She also defended the CSRC's record against critics who say the regulatory organization is not properly structured to carry out root-and-branch reform. Critics have, for example, pointed out that the Ying Guangxia case was uncovered by the media, making the CSRC appear as it was playing catch up.
For a long time, the CSRC was understaffed and had no real enforcement powers. Only recently have executives begun receiving prison sentences and personal fines, rather than the company being fined.
Still, the CSRC has played a crucial role in improving the quality of listed companies by selecting them on merit via a listing committee, said Cha, and now also works closely with law enforcement organizations.
Under the CSRC's new system, companies now have a better chance of being listed if they meet certain criteria, although it is not automatic. The CSRC still has the power of veto.
The government's previous role in selecting listing candidates had stunted the role of financial intermediaries in China, Cha said, and she emphasized the need for further improvements in the auditing, legal and accounting fields.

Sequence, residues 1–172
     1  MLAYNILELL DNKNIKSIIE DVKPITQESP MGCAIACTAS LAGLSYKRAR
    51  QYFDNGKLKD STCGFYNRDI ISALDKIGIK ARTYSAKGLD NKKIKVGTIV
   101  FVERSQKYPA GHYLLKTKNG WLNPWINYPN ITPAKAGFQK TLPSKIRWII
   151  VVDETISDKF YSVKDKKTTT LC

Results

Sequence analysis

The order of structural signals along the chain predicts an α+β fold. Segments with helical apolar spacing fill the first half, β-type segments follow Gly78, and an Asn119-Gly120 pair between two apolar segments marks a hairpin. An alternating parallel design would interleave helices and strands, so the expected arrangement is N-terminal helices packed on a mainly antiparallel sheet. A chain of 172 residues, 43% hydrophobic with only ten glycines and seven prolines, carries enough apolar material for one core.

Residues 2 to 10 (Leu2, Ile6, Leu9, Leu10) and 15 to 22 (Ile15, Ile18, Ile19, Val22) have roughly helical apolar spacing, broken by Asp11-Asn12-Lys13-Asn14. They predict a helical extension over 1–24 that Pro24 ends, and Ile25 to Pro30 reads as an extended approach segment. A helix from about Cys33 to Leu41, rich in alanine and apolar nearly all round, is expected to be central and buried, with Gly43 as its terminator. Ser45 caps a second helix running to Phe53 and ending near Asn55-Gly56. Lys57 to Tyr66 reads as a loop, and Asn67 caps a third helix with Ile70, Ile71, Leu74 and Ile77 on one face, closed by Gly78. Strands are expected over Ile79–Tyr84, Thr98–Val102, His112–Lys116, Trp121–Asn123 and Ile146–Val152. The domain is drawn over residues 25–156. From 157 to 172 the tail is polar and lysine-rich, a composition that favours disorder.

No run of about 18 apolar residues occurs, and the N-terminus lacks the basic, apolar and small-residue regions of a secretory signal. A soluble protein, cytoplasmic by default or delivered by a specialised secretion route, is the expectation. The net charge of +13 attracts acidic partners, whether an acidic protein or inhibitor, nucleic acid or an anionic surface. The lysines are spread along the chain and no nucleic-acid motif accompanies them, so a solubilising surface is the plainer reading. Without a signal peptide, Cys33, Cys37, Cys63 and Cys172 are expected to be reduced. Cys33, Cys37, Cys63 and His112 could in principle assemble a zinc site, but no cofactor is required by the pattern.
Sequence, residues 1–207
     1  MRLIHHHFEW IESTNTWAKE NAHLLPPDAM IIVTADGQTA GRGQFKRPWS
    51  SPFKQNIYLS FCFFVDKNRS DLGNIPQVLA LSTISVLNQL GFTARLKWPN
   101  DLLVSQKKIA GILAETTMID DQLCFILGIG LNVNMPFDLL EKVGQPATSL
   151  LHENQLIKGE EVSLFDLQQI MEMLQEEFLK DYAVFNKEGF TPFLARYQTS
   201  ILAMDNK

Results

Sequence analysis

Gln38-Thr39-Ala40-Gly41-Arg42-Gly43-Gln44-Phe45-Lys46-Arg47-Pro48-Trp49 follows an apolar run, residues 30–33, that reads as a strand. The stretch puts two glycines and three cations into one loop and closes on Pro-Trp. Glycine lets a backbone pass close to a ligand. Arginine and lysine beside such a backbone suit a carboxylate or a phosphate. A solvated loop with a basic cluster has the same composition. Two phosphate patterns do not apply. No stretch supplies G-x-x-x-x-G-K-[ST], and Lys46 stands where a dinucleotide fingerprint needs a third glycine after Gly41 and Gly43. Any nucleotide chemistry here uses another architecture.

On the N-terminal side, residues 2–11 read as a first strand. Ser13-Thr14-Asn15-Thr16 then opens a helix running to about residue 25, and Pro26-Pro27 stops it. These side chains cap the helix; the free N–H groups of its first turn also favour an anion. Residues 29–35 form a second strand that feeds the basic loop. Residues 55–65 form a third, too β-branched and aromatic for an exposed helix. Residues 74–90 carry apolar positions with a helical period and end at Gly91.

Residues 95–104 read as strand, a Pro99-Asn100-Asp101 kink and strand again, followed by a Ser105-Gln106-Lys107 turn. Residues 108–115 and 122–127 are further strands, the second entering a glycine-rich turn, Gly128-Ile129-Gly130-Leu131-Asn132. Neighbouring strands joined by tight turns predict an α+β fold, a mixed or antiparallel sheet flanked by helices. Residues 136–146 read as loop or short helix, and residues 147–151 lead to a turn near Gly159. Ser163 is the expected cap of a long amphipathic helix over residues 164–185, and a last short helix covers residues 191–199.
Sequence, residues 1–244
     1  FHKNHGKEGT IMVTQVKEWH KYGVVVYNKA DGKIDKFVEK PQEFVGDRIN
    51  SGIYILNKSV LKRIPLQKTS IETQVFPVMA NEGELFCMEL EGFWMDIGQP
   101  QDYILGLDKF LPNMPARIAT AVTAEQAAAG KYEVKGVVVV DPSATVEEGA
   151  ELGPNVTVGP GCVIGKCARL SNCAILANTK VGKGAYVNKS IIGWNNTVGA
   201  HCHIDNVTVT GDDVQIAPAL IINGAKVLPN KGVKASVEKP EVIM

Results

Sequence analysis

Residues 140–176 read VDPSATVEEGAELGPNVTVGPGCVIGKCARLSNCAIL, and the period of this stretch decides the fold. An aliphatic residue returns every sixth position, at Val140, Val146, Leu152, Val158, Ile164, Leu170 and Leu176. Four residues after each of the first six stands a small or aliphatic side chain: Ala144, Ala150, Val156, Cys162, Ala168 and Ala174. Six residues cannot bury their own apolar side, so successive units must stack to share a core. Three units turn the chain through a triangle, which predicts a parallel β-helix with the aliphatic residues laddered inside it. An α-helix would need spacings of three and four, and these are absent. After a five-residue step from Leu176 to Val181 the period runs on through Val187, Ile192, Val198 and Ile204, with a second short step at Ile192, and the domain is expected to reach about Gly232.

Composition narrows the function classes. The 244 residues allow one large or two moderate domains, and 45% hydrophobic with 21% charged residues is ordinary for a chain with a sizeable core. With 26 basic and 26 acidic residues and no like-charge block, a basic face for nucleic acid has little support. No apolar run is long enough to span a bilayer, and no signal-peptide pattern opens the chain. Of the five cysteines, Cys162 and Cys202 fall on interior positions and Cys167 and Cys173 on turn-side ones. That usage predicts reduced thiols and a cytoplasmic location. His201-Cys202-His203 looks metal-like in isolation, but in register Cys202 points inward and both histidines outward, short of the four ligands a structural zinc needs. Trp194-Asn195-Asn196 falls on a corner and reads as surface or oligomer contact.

Only that way could the markets regain investor confidence, she said.
Referring to 'China's Enron', the massive billing fraud at what was then considered a high-tech blue chip - Ying Guangxia - she said participants lost confidence, just like in the US after the Enron debacle. But, like in the US, the markets in China would recover as long as investors felt assured the necessary changes were being made.
Securities companies are also being judged on how well they carry out due diligence. If abuses by the candidate are uncovered, the sponsor has points deducted from a 12 point total and their chances of lead managing further IPOs are hurt. They are also restricted as to the number of candidates they put forward, which should encourage them to pick the best ones.